What do all of these women have in common? Yes, they’re talented, famous, and wealthy. More importantly, they all have beautiful smiles. Cosmetic dentists have studied what makes an attractive smile to no end.
Some important features of a beautiful smile include:
The list goes on and on. When I design a smile, I take into consideration all the above. When a woman talks, the edges of her front teeth should be visible. The length of the veneers will be determined by observing her talking and breathing. Once the edge position is determined I prefer to create dominant central incisors. This means I ask my ceramist to make the two front teeth 1-3mm longer than the neighboring teeth (the lateral incisors). The amount depends on age and how youthful we want her smile to appear. I also shape the gum tissue to make the central incisors symmetrical and more prominent relative to the lateral incisors.
It’s a fact of life for many of us that our teeth will wear down, discolor, and become misaligned with age. Most women in their late teens and twenties have larger and more prominent central incisors. For many women, after years of chewing, grinding, clenching, nail biting, or other damaging habits, their central incisors flatten to the length of the lateral incisors. For some, eventually all of the front teeth flatten or become misshapen at the edges. Males more commonly have flat edges to their teeth. Veneers allow us to recreate the shape, symmetry, and beauty that was lost.
When women with worn down, flat front teeth come in for consultations I tell them I’d like to lengthen their central incisors. Since our patient will need to wear temporary veneers for at least two weeks I’m able to temporarily give them longer front teeth. I request they wear the temporary veneers for at least three days before making additional changes. This way they can get used to them. Their teeth have been flat for so long it can be shocking to see their longer more youthful appearing teeth. After a few days they almost always want to keep the new length and shape.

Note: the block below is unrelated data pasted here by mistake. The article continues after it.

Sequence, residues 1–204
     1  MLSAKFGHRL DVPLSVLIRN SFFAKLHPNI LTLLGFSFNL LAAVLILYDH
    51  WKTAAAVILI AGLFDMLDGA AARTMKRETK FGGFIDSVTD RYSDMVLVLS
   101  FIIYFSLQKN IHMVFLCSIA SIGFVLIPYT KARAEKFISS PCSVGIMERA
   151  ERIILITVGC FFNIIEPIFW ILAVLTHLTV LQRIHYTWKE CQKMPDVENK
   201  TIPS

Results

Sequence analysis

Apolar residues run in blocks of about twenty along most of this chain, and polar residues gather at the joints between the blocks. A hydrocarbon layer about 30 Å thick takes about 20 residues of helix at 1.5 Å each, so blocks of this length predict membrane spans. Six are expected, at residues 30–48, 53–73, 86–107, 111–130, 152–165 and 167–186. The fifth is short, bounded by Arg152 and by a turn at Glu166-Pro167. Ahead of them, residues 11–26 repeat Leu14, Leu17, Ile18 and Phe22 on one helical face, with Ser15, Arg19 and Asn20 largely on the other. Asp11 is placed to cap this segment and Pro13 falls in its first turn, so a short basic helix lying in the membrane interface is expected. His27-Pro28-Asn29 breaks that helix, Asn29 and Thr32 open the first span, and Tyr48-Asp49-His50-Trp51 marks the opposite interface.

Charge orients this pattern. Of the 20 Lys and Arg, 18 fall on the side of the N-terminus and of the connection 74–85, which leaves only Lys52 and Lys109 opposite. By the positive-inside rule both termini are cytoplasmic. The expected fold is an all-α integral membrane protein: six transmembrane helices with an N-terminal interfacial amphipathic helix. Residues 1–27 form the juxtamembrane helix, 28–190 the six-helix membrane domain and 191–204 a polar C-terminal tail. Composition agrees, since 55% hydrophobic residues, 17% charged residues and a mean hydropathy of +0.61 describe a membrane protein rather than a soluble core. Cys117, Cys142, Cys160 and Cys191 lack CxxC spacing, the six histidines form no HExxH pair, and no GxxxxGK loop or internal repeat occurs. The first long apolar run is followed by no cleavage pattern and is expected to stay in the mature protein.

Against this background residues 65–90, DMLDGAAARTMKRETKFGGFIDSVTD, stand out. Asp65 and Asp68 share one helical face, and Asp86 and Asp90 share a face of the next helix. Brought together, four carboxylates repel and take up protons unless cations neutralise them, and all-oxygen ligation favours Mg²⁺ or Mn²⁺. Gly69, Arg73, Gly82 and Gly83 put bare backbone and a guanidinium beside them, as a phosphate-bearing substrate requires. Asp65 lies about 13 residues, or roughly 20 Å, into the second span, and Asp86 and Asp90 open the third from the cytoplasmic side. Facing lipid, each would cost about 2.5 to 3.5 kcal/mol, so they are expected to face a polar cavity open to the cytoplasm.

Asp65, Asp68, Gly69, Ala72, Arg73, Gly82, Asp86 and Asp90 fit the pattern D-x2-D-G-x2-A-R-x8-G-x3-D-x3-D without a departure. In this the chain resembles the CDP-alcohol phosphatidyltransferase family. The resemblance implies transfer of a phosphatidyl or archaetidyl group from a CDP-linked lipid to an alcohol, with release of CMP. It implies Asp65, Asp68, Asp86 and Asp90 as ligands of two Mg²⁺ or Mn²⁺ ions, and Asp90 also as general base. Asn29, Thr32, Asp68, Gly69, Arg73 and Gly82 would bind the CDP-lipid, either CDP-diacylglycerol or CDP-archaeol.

Take a look in a magazine and look at all the beautiful smiles. If you pay close attention to the smiles you’ll notice, not only bright teeth that fill the lips from corner to corner, but longer central incisor teeth.
Do you recognize the smile in the middle photo?
Dr. Robert Soto is a General and Cosmetic Dentist in Downtown San Francisco. For more information on cosmetic dental services go to www.sfveneer.com or call (415) 398-8555 for appointments.
Many patients suffer from dry mouth. Dry mouth can be very difficult to combat and can cause serious dental problems. Many patients with dry mouth either experience pain and are looking for relief, or come in with multiple cavities after years without any problems. Patients in the latter situation don't realize they have dry mouth, but it is often the cause of the decay.
Saliva is a natural lubricant. It washes away food after meals and begins to digest food by breaking it down. Without adequate saliva flow, food clings to teeth and dental restorations. The bacteria that cause decay and gum disease digest this food and flourish.
Our saliva can change over time. The quality and quantity can diminish naturally with age. More often, patients begin taking medications that cause a reduction in saliva flow. Common medications that cause dry mouth include anti-depressants, diuretics, over-the counter cold remedies, antihistamines, some beta-blockers, and anti-hypertensives. People who have had radiation treatment to the head or neck often loose proper salivary gland function.
It is essential for those with dry mouth to clean their teeth after meals to remove food and plaque left behind. They should also consider more frequent cleanings. Teeth cleanings every 3 months will allow the hygienist and doctor to closely monitor the condition and reduce the incidence of decay. It is also important to drink water often, keeping the mouth moist, rinsing away food and increasing the amount of saliva.
There are many over the counter products available to help relieve the problems caused by dry mouth. Lubricant sprays and rinses can be used to moisten the mouth and promote salivary flow throughout the day. Dry mouth patches can be placed on the gums or roof of the mouth to promote saliva flow at night. Xylitol sugar lozenges and chewing gums are used to prevent decay. Prescription strength fluoride toothpaste can be used to prevent, and even reverse, areas of decay.
For patients with dry mouth I highly recommend using a Sonicare tooth brush with a fluoride toothpaste after meals followed by flossing, and using a Waterpik at least once a day to remove food from between teeth.
I have tried many combinations of these products.
Prescription fluoride tooth paste
ACT Dry Mouth Lozenges
Dry Mouth Patches
Biotin Dry Mouth Rinse
Oasis Dry Mouth Spray